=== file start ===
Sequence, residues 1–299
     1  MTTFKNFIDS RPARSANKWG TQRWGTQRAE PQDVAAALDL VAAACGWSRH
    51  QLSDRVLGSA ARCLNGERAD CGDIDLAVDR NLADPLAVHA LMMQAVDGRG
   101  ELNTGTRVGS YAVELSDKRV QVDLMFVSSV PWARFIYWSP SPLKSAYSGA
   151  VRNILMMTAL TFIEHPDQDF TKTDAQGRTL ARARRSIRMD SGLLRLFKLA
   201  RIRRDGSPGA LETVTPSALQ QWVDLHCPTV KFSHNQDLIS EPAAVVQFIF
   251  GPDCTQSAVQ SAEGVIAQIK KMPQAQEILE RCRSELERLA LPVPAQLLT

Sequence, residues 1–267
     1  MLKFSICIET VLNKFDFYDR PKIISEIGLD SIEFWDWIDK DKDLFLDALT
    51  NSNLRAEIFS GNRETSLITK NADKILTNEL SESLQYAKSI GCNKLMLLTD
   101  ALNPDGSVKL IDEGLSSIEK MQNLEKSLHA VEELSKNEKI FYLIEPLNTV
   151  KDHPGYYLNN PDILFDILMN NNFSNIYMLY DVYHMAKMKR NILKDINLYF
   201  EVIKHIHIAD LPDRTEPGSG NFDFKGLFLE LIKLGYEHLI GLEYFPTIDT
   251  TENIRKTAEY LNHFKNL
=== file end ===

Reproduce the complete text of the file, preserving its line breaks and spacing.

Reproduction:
Sequence, residues 1–299
     1  MTTFKNFIDS RPARSANKWG TQRWGTQRAE PQDVAAALDL VAAACGWSRH
    51  QLSDRVLGSA ARCLNGERAD CGDIDLAVDR NLADPLAVHA LMMQAVDGRG
   101  ELNTGTRVGS YAVELSDKRV QVDLMFVSSV PWARFIYWSP SPLKSAYSGA
   151  VRNILMMTAL TFIEHPDQDF TKTDAQGRTL ARARRSIRMD SGLLRLFKLA
   201  RIRRDGSPGA LETVTPSALQ QWVDLHCPTV KFSHNQDLIS EPAAVVQFIF
   251  GPDCTQSAVQ SAEGVIAQIK KMPQAQEILE RCRSELERLA LPVPAQLLT

Sequence, residues 1–267
     1  MLKFSICIET VLNKFDFYDR PKIISEIGLD SIEFWDWIDK DKDLFLDALT
    51  NSNLRAEIFS GNRETSLITK NADKILTNEL SESLQYAKSI GCNKLMLLTD
   101  ALNPDGSVKL IDEGLSSIEK MQNLEKSLHA VEELSKNEKI FYLIEPLNTV
   151  KDHPGYYLNN PDILFDILMN NNFSNIYMLY DVYHMAKMKR NILKDINLYF
   201  EVIKHIHIAD LPDRTEPGSG NFDFKGLFLE LIKLGYEHLI GLEYFPTIDT
   251  TENIRKTAEY LNHFKNL